Inquiry about making tomato sauce for pasta??? should i simmer canned tomatoes a bit longer than 30mins???
i cook canned tomatoes according to recipe of mario batali.
in the recipe, mario uses 2 cans of tomatoes, each of which has 800 grams of raw tomatoes plus its juices.
but i normally buy much larger one, that weights 2.92 kilo grams IN TOTAL.
it consists of 85 % raw tomatoes plus 14% of its thin juices.
mario instruct to cook the canned tomatoes of1600 grams(1,6 kilo grams ) like this.
first bring the tomatoes in pot up to boiling point and then simmer gently about 30 minuits.
does this instruction still apply to much larger quanty of tomatoes like mine(2.92 kilo grams
I'm not 100% sure what you are asking. It will depend (I know not a good answer) but if you are simmering them in a large shallow pan with a lot of surface area then 30 minutes might be fine. If you are simmering them in a pan without a lot of surface area then you may need more time.
I would start with 30 minutes, if it still seems too thin or tastes a little "weak" in terms of tomato flavor then simmer a little longer. . . . .
There are many recipes you can make as a *quick sauce* in as little as 15-20 minutes with canned tomatoes. Generally these sauces are made with diced or stewed tomatoes and would be classified as *chunky* tomato sauce. If you are looking to make a smoother sauce, 30-60 minutes is fine, even with a larger can of tomatoes. If you plan to make a ragu sauce, then I would say you need to go longer....increasing the time as the volume goes up.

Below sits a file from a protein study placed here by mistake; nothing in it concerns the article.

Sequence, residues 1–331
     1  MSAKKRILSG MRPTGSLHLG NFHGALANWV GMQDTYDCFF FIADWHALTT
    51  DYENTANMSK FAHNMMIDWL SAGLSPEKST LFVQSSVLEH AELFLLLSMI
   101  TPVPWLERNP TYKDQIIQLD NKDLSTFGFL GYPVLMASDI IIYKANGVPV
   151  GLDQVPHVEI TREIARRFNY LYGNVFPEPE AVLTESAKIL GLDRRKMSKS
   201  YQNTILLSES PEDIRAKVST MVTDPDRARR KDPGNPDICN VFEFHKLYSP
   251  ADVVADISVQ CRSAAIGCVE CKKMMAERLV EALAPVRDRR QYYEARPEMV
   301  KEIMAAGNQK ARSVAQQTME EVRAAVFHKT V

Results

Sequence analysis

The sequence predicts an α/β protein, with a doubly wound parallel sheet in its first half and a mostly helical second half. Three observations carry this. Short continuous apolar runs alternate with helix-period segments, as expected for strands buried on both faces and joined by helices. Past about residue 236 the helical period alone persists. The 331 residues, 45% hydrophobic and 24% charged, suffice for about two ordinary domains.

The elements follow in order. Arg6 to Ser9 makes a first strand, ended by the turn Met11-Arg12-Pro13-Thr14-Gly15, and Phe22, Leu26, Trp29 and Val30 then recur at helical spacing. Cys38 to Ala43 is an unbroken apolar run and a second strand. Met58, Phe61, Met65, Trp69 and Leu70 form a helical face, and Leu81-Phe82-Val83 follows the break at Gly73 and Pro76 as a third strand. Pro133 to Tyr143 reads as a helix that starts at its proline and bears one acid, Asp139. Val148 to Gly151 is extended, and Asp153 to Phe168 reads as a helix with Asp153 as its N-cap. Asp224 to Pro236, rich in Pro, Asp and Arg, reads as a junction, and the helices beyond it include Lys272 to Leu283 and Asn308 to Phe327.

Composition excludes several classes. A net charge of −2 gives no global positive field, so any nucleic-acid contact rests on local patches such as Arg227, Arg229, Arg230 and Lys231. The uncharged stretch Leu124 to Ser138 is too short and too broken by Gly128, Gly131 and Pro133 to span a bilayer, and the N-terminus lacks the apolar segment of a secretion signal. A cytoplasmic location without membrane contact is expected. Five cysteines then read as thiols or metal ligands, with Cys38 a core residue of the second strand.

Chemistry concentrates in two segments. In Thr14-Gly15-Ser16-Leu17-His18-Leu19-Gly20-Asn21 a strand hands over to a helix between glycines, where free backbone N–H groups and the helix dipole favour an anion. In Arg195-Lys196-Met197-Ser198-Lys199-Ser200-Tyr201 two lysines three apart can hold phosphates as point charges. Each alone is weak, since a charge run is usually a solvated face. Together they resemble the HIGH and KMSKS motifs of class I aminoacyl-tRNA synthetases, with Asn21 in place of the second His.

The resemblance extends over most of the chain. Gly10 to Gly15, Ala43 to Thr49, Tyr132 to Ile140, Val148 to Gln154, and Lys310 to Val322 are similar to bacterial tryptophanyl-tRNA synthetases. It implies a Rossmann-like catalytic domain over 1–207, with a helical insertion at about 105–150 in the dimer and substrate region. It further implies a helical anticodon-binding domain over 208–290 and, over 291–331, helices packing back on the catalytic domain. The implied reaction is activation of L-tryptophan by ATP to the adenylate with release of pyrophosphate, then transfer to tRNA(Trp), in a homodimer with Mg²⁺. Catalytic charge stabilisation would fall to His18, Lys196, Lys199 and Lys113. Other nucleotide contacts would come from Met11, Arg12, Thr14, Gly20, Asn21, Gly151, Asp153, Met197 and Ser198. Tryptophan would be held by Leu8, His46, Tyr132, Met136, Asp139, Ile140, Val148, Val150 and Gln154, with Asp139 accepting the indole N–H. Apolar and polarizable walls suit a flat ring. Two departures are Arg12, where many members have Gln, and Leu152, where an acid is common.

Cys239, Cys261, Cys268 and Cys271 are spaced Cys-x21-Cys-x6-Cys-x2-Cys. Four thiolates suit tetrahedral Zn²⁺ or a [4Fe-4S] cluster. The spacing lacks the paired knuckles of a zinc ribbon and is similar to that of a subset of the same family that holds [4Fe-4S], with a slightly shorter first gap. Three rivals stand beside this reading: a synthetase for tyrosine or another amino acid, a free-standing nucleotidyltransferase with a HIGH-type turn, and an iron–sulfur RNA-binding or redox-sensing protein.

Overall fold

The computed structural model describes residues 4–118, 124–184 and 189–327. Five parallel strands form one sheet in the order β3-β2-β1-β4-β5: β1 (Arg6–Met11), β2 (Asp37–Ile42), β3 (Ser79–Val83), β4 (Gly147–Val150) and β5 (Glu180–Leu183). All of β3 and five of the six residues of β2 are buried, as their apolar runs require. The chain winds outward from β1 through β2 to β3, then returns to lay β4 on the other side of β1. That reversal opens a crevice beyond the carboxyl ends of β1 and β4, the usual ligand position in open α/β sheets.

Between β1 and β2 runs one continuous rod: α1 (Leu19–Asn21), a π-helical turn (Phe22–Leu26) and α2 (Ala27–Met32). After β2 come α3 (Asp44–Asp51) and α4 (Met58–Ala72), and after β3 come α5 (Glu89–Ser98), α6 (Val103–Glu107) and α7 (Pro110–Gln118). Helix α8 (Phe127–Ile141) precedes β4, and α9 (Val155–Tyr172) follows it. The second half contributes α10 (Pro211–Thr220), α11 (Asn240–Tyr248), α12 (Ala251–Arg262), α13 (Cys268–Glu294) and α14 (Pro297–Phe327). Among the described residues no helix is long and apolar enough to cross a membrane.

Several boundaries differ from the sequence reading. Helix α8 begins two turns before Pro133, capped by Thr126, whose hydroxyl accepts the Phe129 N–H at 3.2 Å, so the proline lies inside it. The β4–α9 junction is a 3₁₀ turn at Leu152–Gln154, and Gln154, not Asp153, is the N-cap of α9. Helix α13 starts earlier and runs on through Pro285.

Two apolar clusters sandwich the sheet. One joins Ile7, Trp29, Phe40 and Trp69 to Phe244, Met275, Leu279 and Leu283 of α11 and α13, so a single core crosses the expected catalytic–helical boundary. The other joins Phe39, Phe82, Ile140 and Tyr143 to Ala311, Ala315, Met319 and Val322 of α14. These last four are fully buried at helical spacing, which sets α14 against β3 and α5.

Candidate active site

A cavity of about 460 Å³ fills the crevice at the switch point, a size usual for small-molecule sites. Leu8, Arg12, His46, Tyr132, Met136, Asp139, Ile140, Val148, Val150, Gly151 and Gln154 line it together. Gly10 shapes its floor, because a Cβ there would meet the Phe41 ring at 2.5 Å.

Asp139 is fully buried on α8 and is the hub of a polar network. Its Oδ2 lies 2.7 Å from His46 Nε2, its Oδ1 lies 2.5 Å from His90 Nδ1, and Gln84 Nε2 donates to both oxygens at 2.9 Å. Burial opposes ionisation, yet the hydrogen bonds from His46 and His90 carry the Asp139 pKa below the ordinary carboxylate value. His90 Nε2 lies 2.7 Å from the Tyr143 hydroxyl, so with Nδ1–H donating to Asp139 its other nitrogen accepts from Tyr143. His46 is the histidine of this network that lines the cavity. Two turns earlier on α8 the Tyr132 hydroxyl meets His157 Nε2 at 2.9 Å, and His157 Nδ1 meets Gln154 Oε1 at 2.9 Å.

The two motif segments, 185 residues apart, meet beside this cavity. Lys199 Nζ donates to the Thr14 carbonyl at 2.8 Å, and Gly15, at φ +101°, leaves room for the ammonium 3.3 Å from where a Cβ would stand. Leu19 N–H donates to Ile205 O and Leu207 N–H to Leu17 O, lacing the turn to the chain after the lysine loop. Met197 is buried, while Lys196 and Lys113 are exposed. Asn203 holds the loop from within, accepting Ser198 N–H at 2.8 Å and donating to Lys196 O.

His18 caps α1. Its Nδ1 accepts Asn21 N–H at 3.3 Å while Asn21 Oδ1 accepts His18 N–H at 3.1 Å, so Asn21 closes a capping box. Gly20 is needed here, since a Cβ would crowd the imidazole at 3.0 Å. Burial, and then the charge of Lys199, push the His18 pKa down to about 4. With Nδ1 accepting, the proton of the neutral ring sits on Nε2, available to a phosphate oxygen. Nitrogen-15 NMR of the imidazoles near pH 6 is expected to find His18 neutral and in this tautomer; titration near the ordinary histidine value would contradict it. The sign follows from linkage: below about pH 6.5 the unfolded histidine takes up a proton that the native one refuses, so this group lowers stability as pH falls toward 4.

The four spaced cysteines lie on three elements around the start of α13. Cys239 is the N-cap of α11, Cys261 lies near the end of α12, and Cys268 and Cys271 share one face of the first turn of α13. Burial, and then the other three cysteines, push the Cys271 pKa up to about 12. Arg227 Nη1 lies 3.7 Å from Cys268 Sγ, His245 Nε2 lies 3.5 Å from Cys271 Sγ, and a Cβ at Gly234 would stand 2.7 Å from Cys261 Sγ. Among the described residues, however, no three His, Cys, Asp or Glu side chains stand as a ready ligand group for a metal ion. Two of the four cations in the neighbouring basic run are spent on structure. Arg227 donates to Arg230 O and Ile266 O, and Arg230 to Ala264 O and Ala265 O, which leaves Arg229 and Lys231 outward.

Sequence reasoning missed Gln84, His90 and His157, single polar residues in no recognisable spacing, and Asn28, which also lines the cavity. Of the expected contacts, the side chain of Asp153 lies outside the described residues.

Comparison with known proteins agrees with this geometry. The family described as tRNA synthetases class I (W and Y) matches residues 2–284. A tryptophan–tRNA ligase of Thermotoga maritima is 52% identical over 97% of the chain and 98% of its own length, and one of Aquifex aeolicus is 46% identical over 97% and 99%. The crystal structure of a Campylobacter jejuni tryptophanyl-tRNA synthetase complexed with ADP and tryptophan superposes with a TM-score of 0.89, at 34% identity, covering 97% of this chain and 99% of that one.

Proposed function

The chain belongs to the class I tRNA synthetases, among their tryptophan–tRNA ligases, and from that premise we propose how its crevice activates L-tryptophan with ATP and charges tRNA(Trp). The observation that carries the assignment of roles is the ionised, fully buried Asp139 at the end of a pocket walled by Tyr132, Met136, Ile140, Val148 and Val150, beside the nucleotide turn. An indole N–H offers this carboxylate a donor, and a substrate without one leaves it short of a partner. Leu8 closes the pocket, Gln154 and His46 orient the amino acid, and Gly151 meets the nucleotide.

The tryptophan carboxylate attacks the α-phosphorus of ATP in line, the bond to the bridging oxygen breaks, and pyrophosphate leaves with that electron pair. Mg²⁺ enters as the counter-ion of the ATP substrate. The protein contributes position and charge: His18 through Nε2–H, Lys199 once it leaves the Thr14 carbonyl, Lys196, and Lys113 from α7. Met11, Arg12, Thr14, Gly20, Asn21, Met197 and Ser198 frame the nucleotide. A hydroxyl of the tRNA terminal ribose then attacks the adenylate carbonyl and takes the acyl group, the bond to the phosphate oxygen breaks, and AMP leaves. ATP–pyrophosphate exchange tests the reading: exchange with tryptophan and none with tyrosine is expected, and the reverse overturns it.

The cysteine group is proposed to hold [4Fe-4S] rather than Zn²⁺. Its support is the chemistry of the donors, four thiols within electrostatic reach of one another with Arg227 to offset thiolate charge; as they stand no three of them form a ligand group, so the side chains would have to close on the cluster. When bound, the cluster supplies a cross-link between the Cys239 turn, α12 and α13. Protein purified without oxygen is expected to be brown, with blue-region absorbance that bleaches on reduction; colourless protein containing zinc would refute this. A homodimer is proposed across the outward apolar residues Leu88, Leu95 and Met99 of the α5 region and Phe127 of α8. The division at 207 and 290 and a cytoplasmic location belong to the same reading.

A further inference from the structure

Do you put the tomatoes in whole, break them up or mill them before you begin? Milling gives you a smooth, thick sauce quickest, breaking them up speeds the process and leaving them whole takes the longest. Also, as someone mentioned, if you do it in a large frying pan it will thicken quicker--and you will be able to finish your pasta in the sauce (take out what you're saving first).
There should be no significant issue in the quantity difference for the recipe, unless perhaps Batali was quite particular about the size of pot that you were supposed to use. (Evaporation varies according to pot shape and size.)
Tomato sauce is one of those areas of cooking with few absolutes and lots of wiggle room and room for variations. It's not like baking, which can be very exacting, like a chemistry experiment.
Just refer to your tastes for moisture level, salt, degree of chunkiness, etc., and you'll be doing what Batali would wish, I'm sure.
If you're planning to reduce the tomatoes solely by cooking (as opposed to milling, chopping etc.) It's to a great extent a matter of how ripe they are. Canned tomatoes will almost always be riper than commercial fresh tomatoes, which are picked dead green and never really ripen- but they differ between themselves. If there are parts that are yellowish, and seem hard, they'll take longer than the no doubt primo tomatoes that Batali uses. What you need to do is figure out where you're trying to get, and you'll be able to tell when you're there.